Planning commission approves downtown short-term vacation rental, discusses concerns

Photo by Crystal Apilado/Winters Express

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The Winters Planning Commission met on June 28 to consider for approval the Barsotti Vacation Rental Project application to permit an unhosted short-term vacation rental home located on Russell Street.

The City of Winters defines a short-term vacation rental as “rental of an entire privately owned house, townhouse unit, condominium unit, apartment or other residence, or any space within a dwelling unit rented independently, for stays of less than 30 days.”

Senior Planner Kirk Skierski introduced the item and described the home, located in downtown Winters and owned by Thaddeus and Moyra Barsotti, as a two-story, 2,469 square feet, four-bedroom, two-bath single family residence with a detached garage and accessory dwelling unit (ADU). The garage and ADU were not part of the applicant’s proposal, he said.

Approval of a vacation rental is based on the use of the property and its surroundings. However, the commission could potentially deny an application if finding neighborhood compatibility is not maintained or if it determined there were too many rentals on a given street. Given the size of the Barsotti home, it can accommodate a maximum of 10 guests, Skierski said.

The applicant also proposed to limit the number of guest vehicles to two and designate off-street parking in the driveway for those vehicles.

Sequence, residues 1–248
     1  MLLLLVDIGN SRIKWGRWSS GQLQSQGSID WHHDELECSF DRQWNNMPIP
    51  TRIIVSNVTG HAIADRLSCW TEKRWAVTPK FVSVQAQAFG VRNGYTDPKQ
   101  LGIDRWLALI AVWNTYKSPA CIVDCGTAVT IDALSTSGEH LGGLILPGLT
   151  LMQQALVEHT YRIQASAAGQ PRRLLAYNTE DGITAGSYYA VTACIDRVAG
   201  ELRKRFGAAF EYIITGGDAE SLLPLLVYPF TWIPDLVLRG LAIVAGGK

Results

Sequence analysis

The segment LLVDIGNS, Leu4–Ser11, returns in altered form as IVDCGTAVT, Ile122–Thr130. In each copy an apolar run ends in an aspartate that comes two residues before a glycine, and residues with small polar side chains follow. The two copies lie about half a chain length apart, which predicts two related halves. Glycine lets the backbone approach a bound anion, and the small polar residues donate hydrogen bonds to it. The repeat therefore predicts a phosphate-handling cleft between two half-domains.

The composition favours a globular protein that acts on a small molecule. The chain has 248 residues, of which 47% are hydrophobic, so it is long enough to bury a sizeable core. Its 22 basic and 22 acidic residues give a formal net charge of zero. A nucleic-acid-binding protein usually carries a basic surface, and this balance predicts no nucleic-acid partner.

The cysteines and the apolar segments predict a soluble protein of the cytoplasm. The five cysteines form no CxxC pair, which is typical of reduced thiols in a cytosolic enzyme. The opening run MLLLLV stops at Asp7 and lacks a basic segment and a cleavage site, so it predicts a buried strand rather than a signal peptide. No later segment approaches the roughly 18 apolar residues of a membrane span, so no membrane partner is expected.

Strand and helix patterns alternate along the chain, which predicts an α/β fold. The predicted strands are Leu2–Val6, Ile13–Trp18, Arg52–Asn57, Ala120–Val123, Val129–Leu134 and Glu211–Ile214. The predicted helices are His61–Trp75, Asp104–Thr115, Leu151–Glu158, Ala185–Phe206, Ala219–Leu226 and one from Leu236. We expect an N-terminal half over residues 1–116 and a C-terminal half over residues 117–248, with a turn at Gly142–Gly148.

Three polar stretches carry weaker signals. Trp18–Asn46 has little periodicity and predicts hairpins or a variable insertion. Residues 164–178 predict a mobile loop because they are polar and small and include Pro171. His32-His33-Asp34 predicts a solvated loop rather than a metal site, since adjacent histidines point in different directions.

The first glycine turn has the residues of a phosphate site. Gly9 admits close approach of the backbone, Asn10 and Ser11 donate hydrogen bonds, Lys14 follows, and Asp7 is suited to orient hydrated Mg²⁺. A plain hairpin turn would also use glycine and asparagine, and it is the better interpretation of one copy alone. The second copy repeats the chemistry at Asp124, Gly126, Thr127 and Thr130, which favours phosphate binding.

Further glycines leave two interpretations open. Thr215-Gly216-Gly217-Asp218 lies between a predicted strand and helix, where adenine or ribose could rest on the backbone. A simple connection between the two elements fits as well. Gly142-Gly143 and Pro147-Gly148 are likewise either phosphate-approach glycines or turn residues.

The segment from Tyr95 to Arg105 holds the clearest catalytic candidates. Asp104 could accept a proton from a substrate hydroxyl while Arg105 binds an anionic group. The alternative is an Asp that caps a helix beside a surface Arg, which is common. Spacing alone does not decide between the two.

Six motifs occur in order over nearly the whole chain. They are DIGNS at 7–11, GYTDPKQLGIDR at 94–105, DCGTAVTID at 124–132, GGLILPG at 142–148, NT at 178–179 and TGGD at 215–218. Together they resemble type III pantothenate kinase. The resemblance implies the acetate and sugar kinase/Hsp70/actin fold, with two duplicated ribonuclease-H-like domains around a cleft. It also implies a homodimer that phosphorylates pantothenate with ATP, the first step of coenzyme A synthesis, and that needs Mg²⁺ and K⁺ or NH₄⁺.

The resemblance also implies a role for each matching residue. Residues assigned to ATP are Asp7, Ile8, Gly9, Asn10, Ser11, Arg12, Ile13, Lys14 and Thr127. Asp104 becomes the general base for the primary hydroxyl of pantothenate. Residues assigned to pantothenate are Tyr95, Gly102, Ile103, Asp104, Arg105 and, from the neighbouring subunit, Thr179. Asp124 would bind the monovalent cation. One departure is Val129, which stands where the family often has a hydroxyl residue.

Skierski said staff concurred that by limiting the number of guest vehicles to two it would be consistent with the city’s municipal code requirements. Should parking issues arise, the applicant indicated a potential third inside garage parking space could be made available in the future, if necessary.

The commission was advised that the Winters Fire Department and Planning Division inspected the property on June 8 and found it to bea public  life and safety compliant.

Vice Chair Lisa Baker said the project seemed “very straight forward” and commended Skierski for including the parking discussion.

“I am troubled by the fact that this is a very large property with multiple bedrooms that would build up into an Airbnb style rental at a time when there is very little product available for folks in the community to access,” Baker said.

Baker recalled conversations from previous commission meetings concerning the city maintaining a balance between short-term rentals and housing units available in the community. She requested staff report back with a ratio list between vacation rentals and housing stock.

Commissioner Judith Arce said she shared Baker’s concerns and added, “I think it’s a great idea and I love the possibility to allow these rentals. I just hate that we are losing the opportunity to house more individuals that want to be here long-term.”

Skierski responded to a question from Arce stating that the City does not have a limit on the number vacation rentals permitted in the city’s municipal code and to do so would require an ordinance approved by the city council.

Staff recommended the commission adopt PC 2202-06, find it exempt from CEQA and approve the Barsotti Vacation Rental Project, which it did unanimously with Commissioner Nancy Northrup being absent.

Planning Commission meetings are held on the fourth Tuesday of the month. Information can be found on the “Planning Commission” page on the City website.

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